A move to remove the threat of prosecution from those who go abroad to help an "assisted suicide" was defeated in the House of Lords last night.
The amendment to the Justice & Coroners Bill had been introduced by the former Labour Lord Chancellor Lord Falconer, who had said there was a legal "no-man's land" that required clarity. It is currently illegal to assist suicide by taking a terminally ill person to die abroad, a crime which is punishable by up to 14 years imprisonment. At least 115 people from the UK have gone to Swiss clinic Dignitas to die to date but no-one has been prosecuted.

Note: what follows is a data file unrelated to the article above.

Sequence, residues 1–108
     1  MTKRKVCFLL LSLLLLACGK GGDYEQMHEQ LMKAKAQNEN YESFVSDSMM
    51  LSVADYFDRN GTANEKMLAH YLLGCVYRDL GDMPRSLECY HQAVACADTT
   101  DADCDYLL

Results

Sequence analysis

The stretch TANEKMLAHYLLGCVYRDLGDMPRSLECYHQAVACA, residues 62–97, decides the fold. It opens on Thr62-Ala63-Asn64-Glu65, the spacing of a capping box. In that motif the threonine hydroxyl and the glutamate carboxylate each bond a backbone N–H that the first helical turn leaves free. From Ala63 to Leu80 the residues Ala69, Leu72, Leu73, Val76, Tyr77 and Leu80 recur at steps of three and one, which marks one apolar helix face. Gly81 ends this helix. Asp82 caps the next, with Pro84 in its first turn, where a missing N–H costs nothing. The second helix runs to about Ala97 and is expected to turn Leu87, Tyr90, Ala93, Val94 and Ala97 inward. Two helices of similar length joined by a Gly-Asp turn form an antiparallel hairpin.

In a free vote the Lords defeated the amendment to the Coroners and Justice Bill by 194 to 141. The debate in the Lords re-focused attention on the issue of assisted suicide, drawing sharp criticism from church leaders and advocates for the disabled.
The amendment called for the law to be waived if two doctors confirmed the person in question is terminally ill and deemed competent enough to make such a decision to end their life.
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